Tag Archives: miami heat

Youth is wasted on the young – the inexperience of the Oklahoma City Thunder

Following the Oklahoma City Thunder’s consecutive losses in Games 2 and 3 of the NBA Finals, there has predictably been talk in the media about the Thunder’s youth and inexperience. Perhaps just as predictably, there was the backlash from twitter and the blogosphere about the mainstream media’s tired use of old clichés which supposedly have no bearing on reality. That is, the practice of substituting ‘narratives’ in place of objective analysis. One such opinion came from the great Eric Freeman from Ball Don’t Lie, who linked to his piece in The Classical from a week ago on twitter.

Usually I too am bored by the lazy use of narratives to explain NBA phenomena, as well as the selective cherry-picking of information and facts to fit these narratives. In this particular situation however, traditional wisdom has some merit. To win in the NBA, you do need experience, and history backs this up. The average age of Finals teams over the last 20 years is 28.1. When adjusted for playing time, it’s actually a little higher at 28.6. The average age of Finals MVPs since 1981 is 29.5 years old. Put simply, the NBA playoffs are an old man’s game. Meanwhile, this precocious young Thunder team have an average age of 25.8, and their weighted average age is 25.4 (Miami on the other hand have an average age of 28.6, with a weighted average age of 28.5). They are the youngest Finals participant of the last 20 years, and if they go on to win, they would be the youngest Championship team by almost a full year.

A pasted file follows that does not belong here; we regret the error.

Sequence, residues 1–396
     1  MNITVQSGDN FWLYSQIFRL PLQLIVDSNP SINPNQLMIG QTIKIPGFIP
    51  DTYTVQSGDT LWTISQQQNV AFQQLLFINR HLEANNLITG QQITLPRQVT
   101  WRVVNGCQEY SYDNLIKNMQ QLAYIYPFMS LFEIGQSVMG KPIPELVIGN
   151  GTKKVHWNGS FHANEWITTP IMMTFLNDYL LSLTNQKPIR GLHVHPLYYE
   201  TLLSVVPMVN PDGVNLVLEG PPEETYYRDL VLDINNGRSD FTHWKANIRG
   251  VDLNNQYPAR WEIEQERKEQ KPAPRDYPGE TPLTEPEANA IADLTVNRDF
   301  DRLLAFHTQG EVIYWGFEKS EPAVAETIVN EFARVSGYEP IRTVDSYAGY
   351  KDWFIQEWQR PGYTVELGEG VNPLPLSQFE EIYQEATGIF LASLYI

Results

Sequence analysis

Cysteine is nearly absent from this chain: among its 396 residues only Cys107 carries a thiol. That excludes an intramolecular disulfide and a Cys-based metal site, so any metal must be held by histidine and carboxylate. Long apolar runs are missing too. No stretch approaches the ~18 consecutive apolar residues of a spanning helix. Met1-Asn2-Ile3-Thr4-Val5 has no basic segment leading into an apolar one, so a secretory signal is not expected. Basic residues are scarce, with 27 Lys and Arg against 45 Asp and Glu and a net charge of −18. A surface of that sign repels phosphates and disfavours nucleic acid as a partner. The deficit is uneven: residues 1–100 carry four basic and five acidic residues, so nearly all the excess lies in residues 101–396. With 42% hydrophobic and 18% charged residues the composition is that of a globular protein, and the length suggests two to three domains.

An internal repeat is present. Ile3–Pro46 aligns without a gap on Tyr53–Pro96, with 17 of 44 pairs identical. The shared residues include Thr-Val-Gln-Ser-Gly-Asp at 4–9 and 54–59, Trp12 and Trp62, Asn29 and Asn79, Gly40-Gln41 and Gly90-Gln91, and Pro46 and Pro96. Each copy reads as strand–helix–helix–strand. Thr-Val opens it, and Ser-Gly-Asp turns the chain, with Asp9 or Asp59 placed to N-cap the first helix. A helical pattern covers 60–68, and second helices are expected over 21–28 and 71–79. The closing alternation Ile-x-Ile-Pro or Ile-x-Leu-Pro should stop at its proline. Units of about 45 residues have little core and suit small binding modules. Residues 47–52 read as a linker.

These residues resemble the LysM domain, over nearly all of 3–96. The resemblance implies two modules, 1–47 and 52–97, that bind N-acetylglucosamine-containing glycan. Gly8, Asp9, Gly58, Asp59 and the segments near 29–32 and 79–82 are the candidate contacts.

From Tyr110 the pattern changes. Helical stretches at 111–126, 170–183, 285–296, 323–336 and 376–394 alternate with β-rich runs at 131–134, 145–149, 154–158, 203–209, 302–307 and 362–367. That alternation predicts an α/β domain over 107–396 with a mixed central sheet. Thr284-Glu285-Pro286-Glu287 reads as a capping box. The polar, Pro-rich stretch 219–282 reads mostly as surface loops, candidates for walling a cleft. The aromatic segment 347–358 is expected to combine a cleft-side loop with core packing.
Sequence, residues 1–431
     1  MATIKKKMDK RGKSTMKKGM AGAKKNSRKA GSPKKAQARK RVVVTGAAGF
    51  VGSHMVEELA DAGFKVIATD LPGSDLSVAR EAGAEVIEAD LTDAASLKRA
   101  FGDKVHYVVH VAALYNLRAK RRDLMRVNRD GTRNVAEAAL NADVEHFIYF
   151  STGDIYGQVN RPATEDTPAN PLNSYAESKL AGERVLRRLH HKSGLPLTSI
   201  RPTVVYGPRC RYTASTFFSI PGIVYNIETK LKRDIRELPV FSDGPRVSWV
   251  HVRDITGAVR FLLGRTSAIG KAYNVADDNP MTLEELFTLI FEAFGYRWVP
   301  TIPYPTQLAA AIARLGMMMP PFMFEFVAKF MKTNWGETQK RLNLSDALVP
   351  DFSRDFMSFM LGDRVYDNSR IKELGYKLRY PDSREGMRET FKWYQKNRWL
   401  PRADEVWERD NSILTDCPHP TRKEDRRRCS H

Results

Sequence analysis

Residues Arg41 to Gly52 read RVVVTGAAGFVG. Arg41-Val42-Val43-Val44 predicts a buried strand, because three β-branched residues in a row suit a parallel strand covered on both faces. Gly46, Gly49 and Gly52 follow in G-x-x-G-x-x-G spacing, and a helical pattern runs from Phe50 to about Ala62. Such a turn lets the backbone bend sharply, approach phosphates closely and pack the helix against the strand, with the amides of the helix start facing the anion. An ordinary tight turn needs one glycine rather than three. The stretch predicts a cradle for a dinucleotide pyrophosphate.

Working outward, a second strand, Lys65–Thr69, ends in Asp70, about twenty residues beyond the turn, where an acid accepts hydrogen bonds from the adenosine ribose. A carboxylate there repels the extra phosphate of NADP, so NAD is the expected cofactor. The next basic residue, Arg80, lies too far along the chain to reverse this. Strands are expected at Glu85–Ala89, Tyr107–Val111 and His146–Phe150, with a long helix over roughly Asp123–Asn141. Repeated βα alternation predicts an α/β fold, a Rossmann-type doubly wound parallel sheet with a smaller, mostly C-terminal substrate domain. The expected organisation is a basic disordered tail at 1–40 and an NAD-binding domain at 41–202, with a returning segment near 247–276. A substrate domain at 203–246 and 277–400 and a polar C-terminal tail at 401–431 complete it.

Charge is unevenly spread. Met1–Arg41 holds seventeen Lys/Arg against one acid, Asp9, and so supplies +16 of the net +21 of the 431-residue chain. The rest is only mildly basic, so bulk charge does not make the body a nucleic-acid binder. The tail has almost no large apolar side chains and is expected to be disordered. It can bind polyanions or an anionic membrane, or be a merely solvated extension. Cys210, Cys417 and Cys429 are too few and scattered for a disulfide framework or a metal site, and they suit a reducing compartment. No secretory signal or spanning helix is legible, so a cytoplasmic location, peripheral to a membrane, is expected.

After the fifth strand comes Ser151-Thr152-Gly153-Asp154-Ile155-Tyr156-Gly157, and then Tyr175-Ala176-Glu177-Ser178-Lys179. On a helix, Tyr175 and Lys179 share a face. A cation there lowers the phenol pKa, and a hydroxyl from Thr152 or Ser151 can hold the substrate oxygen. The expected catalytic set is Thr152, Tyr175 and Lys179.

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President Obama and the Tragedy of LeBron’s Brilliant Game 6